The precedent being set in this country, where you can’t discuss crime without being labeled a racist, is very dangerous. Tell me, any of you (TVC15, Studio Brooklyn, neighboronhicks), how is it that anyone here can broach the subject of crime in the neighborhood without you calling them a racist? I am being dead serious and not facetious. I would really like to know so that I can see your point of view.
    And please, don’t give me some post about how the socio-economic system creates criminals. That is not the subject here. That is, unless you want me to preface every one of my posts about crime with how the person committing the crime has probably been screwed by the system. Is that what you want!?!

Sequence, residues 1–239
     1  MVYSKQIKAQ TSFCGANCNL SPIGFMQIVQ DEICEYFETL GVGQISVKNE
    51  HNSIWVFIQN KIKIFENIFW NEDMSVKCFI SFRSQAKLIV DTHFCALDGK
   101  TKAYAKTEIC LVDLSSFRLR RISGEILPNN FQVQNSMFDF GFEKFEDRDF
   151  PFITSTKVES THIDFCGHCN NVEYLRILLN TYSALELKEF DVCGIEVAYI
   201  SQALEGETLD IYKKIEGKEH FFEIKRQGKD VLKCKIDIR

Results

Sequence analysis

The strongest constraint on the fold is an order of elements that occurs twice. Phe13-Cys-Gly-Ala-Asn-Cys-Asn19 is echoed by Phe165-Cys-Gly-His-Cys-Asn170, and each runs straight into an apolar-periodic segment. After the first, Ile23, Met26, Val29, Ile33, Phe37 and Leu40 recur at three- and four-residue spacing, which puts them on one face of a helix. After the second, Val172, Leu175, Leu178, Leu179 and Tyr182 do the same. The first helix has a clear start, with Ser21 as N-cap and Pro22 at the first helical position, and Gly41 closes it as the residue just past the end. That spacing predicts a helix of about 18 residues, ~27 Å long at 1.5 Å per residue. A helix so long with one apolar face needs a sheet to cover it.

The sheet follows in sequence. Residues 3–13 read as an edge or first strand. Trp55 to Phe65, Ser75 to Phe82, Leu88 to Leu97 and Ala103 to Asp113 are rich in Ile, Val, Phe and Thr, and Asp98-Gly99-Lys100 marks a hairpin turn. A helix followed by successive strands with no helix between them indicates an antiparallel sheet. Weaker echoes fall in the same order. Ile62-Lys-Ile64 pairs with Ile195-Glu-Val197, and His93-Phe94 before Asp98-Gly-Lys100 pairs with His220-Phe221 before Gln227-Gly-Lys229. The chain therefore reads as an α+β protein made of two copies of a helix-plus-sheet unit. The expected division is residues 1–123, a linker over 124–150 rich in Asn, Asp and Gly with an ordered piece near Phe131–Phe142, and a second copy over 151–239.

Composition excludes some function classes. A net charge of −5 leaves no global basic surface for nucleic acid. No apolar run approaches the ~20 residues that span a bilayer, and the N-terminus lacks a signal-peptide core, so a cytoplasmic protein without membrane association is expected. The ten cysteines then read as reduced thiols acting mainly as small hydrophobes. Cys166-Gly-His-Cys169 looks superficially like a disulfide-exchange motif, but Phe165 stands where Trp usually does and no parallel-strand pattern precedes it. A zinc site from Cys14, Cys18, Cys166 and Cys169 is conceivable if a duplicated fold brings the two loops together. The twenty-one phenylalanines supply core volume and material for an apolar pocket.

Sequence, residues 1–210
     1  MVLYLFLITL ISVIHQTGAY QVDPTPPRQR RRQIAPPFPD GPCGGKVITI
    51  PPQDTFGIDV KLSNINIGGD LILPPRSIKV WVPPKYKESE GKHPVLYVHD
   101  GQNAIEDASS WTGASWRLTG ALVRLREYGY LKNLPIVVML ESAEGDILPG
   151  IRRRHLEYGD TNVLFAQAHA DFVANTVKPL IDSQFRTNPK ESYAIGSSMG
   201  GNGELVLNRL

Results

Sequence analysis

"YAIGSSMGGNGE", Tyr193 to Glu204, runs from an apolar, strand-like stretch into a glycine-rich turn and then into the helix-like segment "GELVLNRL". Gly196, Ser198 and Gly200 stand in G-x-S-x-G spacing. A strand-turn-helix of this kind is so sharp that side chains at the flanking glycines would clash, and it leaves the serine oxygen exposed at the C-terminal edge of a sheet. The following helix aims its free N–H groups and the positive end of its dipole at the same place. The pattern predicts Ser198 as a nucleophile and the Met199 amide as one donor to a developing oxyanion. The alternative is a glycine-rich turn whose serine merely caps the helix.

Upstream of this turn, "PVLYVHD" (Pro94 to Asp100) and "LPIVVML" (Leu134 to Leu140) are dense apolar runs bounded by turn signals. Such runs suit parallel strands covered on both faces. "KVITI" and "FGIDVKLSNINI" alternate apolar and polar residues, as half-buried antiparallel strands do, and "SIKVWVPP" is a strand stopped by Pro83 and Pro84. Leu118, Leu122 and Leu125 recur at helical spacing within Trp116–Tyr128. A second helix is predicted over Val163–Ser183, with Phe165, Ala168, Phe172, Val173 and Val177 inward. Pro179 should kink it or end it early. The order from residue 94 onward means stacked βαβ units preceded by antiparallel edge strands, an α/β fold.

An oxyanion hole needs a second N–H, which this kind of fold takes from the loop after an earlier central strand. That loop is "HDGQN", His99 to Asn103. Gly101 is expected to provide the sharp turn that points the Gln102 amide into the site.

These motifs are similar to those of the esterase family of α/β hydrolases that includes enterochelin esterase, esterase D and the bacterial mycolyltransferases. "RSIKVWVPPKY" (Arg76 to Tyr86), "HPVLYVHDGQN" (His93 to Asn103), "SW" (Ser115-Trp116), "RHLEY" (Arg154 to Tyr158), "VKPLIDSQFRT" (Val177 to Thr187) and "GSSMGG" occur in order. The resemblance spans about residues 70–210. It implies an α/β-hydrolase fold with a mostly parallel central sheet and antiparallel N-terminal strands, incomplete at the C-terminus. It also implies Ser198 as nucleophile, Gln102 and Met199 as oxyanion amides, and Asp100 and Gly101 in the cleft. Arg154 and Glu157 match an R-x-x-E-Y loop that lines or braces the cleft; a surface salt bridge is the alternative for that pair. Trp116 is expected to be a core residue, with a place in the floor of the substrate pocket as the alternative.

• TVC15

    Oops… I was agreeing with paul and with you. My comment “It is indeed” was in agreement with paul’s final sentence “It’s about our safety, fact, and statistics!”, not his first sentence. Reading it again, I see how it can easily be misinterpreted. I need to sharpen my blogging.

    I agree with all you wrote, just above.

    Anyhow, back to Indiania-watching and wall-wishing and general Trumping… (all of that stuff was satirical, of course).

  • Michael

    So provide a great FREE facility… respond by having rumbles. Perfect.

  • StudioBrooklyn

    Sorry, Concerned, just saw this.